PMQs: …well what do you think?

A red-faced and relatively subdued PMQs today all round.

Cameron performed with some sincerity, suggesting that people would not accept paybacks in the short term and rule changes in the long term – political leadership was required to effect immediate changes to the rules. No-one doubted that the rules were inadequate. Unusually, however, I think Brown had the logical upperhand on this one. It is precisely because MPs have proven themselves not capable of keeping to the spirit of the rules that they have forgone any right to effect arbitrary changes to the expenses system. It’s not populist, but it’s true, that rule changes per se need to be independent. In the meantime, individuals should shift for themselves.

Cameron also made points about the Communications Allowance and the number of MPs in the house, which I am sure will be returned to.

Nick Clegg over both his questions played a similar line to Cameron – going for the simple moral against Brown’s technocratic pontification. The biggest problem with the current expense system was the one no-one had yet proposed a solution to – that MPs made capital profits on their properties funded by the taxpayer.

He asserted that “we on these benches” would make a personal commitment (one which Steve Webb made on his blog the other day) to hand back any capital profits from the sale of flats bought with the taxpayer’s help back proportionately to the taxpayer. He suggested that others might like to make a similar commitment. Brown did not (of course) undertake any such thing, but did recognise Clegg’s “strong feelings” on the subject and suggested he put his proposals to the Kelly committee.

Could it be that some tiny grain of good is going to emerge from this whole sorry mess? When Clegg put his original proposals to Cameron and Brown in their private meeting a few weeks ago¬† – rental payments and bills only at the taxpayers’ expense – they were rejected by both other leaders.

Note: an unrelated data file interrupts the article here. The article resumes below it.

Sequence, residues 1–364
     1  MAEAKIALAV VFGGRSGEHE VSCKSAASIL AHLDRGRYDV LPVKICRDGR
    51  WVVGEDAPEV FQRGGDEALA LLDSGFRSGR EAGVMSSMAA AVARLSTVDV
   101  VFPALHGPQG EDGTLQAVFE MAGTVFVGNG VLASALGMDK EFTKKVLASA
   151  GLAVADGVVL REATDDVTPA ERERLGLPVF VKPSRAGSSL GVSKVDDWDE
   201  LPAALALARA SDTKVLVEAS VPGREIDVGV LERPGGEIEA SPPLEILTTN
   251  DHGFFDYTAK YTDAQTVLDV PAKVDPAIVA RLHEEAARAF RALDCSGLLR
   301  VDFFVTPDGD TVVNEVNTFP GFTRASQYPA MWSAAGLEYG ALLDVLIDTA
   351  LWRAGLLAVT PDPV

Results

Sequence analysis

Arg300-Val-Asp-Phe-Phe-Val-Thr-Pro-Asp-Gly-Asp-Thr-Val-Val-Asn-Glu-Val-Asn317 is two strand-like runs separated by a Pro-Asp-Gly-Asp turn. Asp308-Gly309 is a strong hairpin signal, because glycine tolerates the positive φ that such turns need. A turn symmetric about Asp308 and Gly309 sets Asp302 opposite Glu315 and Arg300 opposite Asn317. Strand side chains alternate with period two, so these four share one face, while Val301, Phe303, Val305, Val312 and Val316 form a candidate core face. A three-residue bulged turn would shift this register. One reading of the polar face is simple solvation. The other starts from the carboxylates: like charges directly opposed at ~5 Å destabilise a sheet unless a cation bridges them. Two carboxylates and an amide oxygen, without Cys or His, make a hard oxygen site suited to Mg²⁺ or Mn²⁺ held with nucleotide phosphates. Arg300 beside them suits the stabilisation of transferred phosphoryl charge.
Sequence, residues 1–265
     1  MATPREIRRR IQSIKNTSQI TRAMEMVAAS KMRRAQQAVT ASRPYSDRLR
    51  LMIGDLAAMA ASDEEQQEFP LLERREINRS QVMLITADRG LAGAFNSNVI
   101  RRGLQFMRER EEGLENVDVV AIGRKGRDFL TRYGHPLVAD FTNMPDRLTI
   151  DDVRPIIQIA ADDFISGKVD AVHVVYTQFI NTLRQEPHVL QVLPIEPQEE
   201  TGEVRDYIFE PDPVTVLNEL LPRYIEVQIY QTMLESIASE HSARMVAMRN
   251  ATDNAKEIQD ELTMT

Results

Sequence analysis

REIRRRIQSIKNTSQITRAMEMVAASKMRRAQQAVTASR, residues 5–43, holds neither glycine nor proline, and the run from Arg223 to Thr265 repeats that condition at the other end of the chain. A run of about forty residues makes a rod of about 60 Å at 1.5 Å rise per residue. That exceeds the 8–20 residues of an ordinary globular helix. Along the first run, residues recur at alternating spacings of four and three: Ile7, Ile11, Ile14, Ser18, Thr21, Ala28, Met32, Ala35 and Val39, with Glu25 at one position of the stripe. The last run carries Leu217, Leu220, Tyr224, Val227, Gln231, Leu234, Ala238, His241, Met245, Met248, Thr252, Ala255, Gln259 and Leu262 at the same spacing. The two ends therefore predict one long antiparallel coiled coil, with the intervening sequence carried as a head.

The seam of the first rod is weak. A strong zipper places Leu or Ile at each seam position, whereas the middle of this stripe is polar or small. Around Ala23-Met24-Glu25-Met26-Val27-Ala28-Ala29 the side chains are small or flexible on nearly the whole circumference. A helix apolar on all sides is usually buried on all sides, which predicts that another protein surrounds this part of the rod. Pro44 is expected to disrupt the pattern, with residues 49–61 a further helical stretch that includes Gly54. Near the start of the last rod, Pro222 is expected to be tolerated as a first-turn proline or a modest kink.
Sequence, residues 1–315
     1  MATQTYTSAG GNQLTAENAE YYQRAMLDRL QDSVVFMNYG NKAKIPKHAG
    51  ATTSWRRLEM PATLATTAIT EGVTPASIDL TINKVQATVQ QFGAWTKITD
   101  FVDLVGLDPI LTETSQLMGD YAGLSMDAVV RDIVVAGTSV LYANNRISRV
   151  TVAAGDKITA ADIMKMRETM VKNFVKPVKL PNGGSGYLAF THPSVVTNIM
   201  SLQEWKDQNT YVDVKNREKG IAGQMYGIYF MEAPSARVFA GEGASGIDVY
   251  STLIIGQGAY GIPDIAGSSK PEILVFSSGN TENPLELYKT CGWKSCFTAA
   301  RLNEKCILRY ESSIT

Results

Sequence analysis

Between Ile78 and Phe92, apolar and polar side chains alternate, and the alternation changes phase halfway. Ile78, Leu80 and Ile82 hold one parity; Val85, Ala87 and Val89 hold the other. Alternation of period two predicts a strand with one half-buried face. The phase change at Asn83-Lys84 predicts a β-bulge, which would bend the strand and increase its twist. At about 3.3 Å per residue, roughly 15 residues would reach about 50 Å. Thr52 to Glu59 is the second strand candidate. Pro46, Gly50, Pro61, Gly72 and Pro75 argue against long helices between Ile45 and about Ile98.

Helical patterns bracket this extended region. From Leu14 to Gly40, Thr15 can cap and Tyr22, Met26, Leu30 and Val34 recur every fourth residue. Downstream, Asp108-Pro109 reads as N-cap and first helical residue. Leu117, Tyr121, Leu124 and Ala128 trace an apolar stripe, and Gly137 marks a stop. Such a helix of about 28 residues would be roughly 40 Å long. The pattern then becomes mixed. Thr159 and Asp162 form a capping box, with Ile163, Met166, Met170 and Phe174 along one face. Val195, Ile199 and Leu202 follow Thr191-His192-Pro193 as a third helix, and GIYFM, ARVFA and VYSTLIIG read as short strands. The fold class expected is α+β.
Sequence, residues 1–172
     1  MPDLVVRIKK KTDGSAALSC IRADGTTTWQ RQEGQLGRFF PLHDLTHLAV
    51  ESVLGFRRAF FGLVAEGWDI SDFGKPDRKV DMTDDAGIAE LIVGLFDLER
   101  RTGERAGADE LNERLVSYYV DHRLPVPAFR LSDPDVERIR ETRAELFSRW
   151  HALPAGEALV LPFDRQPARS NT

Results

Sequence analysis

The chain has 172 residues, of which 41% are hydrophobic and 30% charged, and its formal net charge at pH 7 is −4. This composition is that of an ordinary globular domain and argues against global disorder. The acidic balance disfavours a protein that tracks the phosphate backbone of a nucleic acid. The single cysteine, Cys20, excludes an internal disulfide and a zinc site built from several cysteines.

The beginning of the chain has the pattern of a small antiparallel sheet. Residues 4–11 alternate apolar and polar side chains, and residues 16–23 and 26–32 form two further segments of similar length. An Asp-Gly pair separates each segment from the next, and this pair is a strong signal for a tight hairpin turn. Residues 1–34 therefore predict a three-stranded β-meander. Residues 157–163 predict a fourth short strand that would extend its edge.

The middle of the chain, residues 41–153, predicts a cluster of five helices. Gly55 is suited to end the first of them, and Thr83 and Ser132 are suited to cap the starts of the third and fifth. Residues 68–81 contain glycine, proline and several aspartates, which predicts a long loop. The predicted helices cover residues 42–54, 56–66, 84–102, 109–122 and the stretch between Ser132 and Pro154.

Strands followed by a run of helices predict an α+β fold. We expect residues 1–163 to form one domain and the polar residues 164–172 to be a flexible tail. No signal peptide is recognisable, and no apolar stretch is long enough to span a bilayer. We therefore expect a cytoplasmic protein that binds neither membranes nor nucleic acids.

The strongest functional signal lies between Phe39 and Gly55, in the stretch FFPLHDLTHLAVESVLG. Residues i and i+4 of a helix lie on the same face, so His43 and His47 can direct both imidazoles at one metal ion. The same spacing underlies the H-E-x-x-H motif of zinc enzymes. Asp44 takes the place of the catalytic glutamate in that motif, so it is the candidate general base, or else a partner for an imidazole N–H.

His revised proposals allowed for purchase at taxpayer’s expense, but only if the taxpayer received an interest in the capital worth of the property commensurate with the proportion of the interest they paid on it. This surely has to be an unimpeachable suggestion that the Kelly committee will take on board and incorporate into their recommendations.

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4 Comments

  • Cameron has lost the context of this debate and has reduced himself to popularism, the Labour MP’s were quite right to heckle ‘but your a millionaire’, in all this mess we have to avoid making politics the preserve of the rich….

  • tykejohnno,

    I did not ‘attack his wealth’ but I did make a point that it makes it considerably easier him to take a wild and reckless hacksaw to expenses without feeling any personal consequences and when the shakedown comes we do have to maintain a system where entering politics is not just for the already wealthy do we not?

    It’s called ‘opportunity for all’…and is actually a cornerstone of a *representative* democracy…

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